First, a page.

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Archives of cardiovascular diseases
Volume 102, n° 8-9
pages 667-668 (août 2009)
Doi : 10.1016/j.acvd.2009.05.008
Received : 15 April 2009 ;  accepted : 5 May 2009
Mitral valve repair in acute extensive infectious endocarditis
Réparation de la valve mitrale dans l’endocardite infectieuse aiguë étendue
 

Hajo Müller a, , Jorge Sierra b, René Lerch a
a Cardiology service, Division of Cardiology, University Hospital of Geneva, 24, rue Micheli-du-Crest, 1211 Geneva 14, Switzerland 
b Cardiovascular surgery service, University Hospital of Geneva, Geneva, Switzerland 

Corresponding author. Fax: +41 22 3727229.

Keywords : Infectious endocarditis, Mitral valve repair, Transoesophageal echocardiography, Three-dimensional echocardiography

Mots clés : Endocardite infectieuse, Réparation valvulaire mitrale, Échocardiographie transœsophagienne, Échocardiographie tridimensionnelle


A 25-year old woman with a history of a cardiac murmur in childhood presented with acute occlusion of the left popliteal artery requiring emergency surgical embolectomy. Transoesophageal echocardiography (TEE) showed several mobile masses up to 16mm in size on both mitral valve leaflets, in the region of the anterolateral part of the valve, compatible with vegetations (Figure 1, Panel A, white arrows). There was a prolapse of the posterior and anterior mitral valve leaflets near the anterolateral commissure with likely perforation of the two leaflets in this region leading to severe mitral regurgitation (Figure 1, Panel B). Imaging with the real-time transoesophageal three-dimensional echocardiography (3DE) showed more clearly that mitral valve prolapse was located to the paracommissural parts of both leaflets (A1 and P1), with large vegetations attached close to the commissure (Figure 1, Panel C, white and black arrows, respectively). Urgent surgery, performed to avoid further embolization and leaflet destruction, confirmed the echocardiographic findings. An enormous vegetation (Figure 1, Panel D, arrow) was located at the level of the anterolateral commissure extending to A1 and P1 with nearly complete destruction of the underlying valve tissue. Successful mitral valve repair was performed with reconstruction of the anterolateral commissure and the adjacent anterior leaflet segment with a bovine pericardial patch. Cultures from blood, thrombus and the vegetation revealed the presence of Streptococcus mitis.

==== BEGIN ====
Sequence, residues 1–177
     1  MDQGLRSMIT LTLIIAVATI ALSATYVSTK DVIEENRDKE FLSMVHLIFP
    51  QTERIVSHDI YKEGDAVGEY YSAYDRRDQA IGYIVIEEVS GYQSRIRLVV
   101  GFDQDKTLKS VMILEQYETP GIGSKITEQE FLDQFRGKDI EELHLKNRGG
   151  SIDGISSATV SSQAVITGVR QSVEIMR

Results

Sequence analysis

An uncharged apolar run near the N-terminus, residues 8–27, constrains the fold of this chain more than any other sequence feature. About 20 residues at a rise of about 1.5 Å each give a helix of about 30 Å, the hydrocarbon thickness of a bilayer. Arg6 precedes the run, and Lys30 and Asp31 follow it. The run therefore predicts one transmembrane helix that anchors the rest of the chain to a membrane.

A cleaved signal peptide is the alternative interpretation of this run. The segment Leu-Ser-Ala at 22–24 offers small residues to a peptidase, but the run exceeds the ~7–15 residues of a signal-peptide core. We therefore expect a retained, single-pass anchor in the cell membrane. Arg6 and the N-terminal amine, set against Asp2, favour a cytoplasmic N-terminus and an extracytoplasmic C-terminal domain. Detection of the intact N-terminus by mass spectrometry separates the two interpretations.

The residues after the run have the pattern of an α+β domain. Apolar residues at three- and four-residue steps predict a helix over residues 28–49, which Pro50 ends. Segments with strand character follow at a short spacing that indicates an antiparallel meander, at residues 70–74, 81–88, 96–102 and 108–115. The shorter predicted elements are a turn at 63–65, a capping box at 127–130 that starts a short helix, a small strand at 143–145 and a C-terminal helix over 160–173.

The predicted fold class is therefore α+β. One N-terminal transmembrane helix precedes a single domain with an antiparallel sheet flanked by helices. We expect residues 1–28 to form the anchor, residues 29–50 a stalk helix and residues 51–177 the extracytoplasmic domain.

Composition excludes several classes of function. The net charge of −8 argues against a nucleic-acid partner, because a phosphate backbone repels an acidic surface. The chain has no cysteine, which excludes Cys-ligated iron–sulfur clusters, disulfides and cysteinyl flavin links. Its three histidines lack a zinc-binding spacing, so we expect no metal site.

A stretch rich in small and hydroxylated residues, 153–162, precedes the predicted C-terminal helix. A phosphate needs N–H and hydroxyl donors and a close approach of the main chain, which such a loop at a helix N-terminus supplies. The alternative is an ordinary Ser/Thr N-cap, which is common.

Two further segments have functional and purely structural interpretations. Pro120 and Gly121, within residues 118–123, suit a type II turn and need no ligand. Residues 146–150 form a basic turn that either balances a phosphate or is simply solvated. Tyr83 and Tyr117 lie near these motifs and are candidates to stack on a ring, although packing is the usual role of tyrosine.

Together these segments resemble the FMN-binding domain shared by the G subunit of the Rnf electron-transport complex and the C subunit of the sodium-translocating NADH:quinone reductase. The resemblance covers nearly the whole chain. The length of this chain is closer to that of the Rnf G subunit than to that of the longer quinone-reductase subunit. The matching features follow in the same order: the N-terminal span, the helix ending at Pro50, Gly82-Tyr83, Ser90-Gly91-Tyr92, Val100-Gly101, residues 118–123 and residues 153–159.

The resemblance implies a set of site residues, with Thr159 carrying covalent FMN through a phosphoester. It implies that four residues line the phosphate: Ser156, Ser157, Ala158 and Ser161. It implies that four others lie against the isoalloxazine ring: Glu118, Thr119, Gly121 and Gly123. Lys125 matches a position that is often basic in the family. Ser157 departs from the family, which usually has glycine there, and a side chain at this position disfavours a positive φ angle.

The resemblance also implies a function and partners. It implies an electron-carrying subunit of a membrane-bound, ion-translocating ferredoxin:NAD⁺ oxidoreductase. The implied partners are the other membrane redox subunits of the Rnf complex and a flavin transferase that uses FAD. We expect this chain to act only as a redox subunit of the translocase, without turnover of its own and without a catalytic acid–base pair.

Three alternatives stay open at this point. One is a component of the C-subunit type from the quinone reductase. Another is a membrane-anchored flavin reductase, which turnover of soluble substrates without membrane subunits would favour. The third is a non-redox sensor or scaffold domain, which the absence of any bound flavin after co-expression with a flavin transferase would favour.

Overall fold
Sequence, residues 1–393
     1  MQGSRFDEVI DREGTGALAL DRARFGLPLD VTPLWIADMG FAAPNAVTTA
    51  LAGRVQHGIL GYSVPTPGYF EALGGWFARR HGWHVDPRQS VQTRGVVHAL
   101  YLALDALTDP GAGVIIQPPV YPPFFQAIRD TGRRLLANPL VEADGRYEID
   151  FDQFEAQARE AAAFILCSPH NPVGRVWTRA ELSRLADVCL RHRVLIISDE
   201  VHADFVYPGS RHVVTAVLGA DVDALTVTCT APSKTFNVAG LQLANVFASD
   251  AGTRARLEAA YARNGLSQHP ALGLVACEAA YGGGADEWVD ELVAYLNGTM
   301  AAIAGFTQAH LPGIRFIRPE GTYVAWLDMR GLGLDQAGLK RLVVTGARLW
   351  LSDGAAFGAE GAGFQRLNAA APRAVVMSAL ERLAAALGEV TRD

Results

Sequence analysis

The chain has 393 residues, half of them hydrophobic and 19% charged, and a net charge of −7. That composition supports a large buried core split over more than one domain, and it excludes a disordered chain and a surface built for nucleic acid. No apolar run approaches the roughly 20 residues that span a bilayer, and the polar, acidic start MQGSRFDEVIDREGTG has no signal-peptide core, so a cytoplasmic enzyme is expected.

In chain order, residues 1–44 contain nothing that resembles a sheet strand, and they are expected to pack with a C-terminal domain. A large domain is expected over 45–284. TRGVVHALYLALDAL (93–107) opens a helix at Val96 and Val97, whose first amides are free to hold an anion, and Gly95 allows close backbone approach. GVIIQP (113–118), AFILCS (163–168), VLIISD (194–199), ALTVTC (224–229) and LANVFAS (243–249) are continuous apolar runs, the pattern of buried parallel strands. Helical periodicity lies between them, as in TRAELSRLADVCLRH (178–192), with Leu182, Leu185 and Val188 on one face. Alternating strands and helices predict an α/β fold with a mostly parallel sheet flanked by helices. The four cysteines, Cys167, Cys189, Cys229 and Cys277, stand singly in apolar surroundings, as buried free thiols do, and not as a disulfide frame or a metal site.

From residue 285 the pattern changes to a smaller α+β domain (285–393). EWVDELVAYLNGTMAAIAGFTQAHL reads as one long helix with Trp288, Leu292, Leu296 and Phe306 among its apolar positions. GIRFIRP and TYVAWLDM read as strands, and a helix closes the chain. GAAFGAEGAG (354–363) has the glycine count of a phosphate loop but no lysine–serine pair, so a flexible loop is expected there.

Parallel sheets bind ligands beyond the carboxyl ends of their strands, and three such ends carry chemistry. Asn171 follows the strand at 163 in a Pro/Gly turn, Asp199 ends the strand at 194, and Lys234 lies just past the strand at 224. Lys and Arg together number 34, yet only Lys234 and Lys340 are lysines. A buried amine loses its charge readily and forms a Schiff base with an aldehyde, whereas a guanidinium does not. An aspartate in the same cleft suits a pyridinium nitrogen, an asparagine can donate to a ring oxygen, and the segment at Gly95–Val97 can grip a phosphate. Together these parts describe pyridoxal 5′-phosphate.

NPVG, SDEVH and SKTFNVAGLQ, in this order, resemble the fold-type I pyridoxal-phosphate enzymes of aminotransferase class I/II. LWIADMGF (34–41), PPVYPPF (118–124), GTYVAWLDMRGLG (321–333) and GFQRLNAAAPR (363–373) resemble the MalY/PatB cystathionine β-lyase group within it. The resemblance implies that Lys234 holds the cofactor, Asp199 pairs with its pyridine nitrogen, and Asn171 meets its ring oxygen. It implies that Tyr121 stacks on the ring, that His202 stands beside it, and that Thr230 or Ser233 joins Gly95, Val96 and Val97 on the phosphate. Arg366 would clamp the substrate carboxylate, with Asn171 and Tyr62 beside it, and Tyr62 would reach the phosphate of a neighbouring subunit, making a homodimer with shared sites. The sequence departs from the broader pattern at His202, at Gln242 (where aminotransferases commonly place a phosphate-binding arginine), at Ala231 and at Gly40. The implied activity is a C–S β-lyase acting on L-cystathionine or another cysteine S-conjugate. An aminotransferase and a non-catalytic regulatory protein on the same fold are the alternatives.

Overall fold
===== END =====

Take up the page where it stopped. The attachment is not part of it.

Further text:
Figure 1


Figure 1. 

Panel A. Transoesophageal echocardiography showing mobile masses on both mitral valve leaflets, compatible with vegetations (white arrows). Panel B. Prolapse of the posterior and anterior mitral valve leaflets near the anterolateral commissure with likely perforation of the two leaflets, leading to severe mitral regurgitation. Panel C. Real-time transoesophageal three-dimensional echocardiography showing mitral valve prolapse located to the paracommissural parts of both leaflets (A1 and P1), with large vegetations attached close to the commissure (white and black arrows, respectively). Panel D. Enormous vegetation (arrow) located at the level of the anterolateral commissure extending to A1 and P1.

AL: anterior leaflet; ALC: anterolateral commissure; PL: posterior leaflet; PMC: posteromedial commissure.

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Mitral valve repair, if feasible, is the procedure of choice for mitral regurgitation, especially in the case of acute infective endocarditis. However, in the case of extensive destruction, especially if the anterior leaflet and/or the commissures are involved, repair may be technically challenging with a suboptimal result. We report here the case of successful repair in such a difficult situation. Precise delineation of the endocarditic lesion is critical to achieve a successful repair. In our case, real-time transoesophageal 3DE had a complementary diagnostic value.

Conflicts of interest

None.



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